Conshohocken (/ˌkɒnʃəˈhɒkən/ kon-shə-HOK-ən; Lenape: Kanshihàkink) is a borough on the Schuylkill River in Montgomery County, Pennsylvania, in suburban Philadelphia. The name "Conshohocken" comes from the Unami language, from either Kanshi'hak'ing, meaning "Elegant-ground- place",or, more likely, Chottschinschu'hak'ing, which means "Big-trough-ground-place" or "Large-bowl-ground-place", referring to the big bend in the Tulpe'hanna (Turtle River, or modern Schuylkill River). It has also sometimes been rumored to have been translated from the Lenape Native American word for “pleasant valley." In the regional slang, it is sometimes referred to by the colloquial nickname Conshy (/ˈkɒnʃi/ KON-shee).
Conshohocken is located on the east bank of the Schuylkill River, thirteen miles northwest of Philadelphia. The place was first settled about 1820, and was for several years known as Matson's Ford; in 1830 it was laid out as a town and received its present name. It was incorporated in 1850. According to the United States Census Bureau, the borough has a total area of 1.0 square mile (2.6 km2), of which, 1.0 square mile (2.6 km2) of it is land and 0.04 square miles (0.10 km2) of it (2.97%) is water.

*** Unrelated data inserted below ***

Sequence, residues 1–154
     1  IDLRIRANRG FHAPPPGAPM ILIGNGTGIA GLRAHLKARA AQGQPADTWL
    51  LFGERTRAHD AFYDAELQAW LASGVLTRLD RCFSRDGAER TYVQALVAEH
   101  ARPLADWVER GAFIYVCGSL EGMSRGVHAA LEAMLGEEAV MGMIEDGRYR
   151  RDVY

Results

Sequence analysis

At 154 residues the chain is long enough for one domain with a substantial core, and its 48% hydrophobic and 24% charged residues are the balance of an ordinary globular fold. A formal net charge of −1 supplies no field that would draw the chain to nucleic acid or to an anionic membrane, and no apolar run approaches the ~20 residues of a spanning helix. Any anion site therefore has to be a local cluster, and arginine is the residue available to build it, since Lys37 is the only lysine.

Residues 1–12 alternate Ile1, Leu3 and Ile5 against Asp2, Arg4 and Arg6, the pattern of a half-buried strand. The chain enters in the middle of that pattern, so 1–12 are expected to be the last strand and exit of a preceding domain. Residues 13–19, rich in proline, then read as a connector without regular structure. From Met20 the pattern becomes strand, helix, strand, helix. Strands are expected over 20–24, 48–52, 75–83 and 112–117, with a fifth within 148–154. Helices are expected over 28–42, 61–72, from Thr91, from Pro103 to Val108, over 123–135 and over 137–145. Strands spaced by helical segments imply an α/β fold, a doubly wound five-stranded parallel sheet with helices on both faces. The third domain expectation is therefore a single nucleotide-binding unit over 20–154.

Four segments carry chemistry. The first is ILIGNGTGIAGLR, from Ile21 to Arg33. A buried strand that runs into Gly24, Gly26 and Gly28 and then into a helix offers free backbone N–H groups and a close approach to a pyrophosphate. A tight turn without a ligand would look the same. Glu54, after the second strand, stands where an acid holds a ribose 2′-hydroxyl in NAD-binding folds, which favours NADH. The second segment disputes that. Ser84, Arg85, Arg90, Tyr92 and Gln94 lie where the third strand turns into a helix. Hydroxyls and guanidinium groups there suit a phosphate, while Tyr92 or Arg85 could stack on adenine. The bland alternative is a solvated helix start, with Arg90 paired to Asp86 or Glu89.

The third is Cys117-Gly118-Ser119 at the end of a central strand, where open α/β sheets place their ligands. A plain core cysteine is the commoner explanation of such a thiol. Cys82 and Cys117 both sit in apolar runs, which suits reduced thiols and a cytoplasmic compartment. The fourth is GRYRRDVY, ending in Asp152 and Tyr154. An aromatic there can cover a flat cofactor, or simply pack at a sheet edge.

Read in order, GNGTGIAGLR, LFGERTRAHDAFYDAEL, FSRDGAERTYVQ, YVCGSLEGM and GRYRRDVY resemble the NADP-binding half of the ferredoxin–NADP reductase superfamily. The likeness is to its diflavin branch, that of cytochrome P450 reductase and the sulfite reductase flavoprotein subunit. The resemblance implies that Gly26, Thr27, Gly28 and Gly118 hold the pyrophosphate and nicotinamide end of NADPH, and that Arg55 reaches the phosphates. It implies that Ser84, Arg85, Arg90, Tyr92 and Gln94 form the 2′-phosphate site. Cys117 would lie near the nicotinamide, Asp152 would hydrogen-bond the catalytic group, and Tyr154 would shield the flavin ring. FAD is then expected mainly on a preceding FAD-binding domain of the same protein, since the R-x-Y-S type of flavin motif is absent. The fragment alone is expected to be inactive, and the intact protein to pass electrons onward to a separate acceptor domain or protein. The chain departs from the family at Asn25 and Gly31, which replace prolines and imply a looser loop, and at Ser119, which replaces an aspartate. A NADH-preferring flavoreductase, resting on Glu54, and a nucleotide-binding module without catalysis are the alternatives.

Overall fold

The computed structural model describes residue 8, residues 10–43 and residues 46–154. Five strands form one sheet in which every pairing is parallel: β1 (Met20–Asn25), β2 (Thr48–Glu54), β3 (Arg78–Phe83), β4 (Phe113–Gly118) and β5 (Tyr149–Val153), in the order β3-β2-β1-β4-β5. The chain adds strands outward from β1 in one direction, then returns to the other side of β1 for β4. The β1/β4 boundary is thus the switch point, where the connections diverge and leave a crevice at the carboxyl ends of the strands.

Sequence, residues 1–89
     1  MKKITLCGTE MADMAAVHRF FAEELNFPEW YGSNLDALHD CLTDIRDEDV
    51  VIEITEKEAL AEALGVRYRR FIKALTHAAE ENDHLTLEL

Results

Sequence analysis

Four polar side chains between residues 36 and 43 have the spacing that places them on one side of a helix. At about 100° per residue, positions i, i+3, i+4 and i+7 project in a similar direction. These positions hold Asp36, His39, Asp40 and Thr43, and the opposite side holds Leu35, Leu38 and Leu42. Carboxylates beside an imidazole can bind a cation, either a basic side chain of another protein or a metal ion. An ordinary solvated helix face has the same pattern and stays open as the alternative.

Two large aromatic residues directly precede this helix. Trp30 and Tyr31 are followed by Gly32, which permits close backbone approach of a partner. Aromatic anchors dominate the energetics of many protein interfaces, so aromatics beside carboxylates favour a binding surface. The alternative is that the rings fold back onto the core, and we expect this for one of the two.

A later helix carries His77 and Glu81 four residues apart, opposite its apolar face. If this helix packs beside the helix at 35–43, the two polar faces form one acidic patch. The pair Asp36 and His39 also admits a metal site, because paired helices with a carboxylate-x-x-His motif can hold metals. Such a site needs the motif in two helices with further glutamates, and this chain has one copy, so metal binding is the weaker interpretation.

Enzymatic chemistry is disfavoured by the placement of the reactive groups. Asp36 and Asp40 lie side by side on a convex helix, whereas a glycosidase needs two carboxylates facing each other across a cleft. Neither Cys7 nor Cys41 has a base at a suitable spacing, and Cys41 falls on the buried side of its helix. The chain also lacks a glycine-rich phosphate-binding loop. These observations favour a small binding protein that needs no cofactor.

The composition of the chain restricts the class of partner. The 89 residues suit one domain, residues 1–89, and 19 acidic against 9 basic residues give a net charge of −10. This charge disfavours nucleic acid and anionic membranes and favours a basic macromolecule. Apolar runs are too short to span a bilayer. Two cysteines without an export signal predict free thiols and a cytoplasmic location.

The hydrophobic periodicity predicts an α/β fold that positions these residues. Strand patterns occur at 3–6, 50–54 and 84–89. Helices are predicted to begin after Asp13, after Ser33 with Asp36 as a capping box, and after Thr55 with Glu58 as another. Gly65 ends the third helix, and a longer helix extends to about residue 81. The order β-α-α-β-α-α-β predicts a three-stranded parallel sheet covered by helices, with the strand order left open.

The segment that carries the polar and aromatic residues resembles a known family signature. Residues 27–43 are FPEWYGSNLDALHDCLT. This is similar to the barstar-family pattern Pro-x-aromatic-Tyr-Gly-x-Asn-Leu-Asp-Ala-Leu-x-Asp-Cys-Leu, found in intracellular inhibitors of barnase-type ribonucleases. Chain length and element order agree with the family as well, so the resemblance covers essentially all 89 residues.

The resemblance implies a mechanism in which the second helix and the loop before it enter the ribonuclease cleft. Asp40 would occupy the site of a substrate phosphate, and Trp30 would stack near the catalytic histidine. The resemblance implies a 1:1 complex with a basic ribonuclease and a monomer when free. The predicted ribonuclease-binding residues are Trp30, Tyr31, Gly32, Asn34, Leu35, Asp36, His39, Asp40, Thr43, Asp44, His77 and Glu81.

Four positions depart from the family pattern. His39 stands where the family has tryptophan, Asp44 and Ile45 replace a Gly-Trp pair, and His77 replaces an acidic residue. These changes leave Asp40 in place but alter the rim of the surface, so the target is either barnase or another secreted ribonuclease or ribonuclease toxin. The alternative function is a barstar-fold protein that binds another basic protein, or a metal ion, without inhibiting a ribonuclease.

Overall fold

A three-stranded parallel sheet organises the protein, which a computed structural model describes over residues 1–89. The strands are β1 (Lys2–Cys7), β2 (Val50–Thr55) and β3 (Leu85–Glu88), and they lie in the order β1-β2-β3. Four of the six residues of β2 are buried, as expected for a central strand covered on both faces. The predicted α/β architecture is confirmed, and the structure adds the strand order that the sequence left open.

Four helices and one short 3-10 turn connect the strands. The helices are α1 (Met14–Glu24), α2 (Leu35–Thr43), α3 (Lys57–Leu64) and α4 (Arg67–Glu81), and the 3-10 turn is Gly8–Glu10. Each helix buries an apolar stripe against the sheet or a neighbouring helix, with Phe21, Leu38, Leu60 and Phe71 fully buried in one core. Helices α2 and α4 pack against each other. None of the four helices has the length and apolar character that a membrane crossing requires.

Conshohocken’s proximity to major transportation links, natural resources, and markets created a favorable environment for the rise of a virtually self-contained industrial, commercial, residential, civic and religious community. Perhaps best known for its great industrial firms, such as the Alan Wood Iron and Steel Company, whose roots date back to the early 1800s, and "Lee of Conshohocken," the automobile tire company founded in the early 1900s, Conshohocken played a major role in the industrial development of southeastern Pennsylvania. The growth of the town's industries brought together wealthy Quaker mill and landowners with immigrant laborers from Ireland, Poland, Italy, and other European countries to give the borough its distinctive character. As the town's industries expanded and moved outside the borough limits in the early twentieth century, Conshohocken evolved from an industrial leader into a primarily residential community.
A rather sharp bend in the river at Conshohocken gives the Schuylkill Expressway, which hugs the far bank, a curve that is well known to regional radio listeners as the Conshohocken curve. Railroad tracks line both river banks, reflecting the valley's heavy industrial past as well as its continuing rail activity including Norfolk Southern and SEPTA. A rail trail portion of the Schuylkill River Trail also passes through.
Above Information obtained from Wikipedia and the Philadelphia Area Archives Research Portal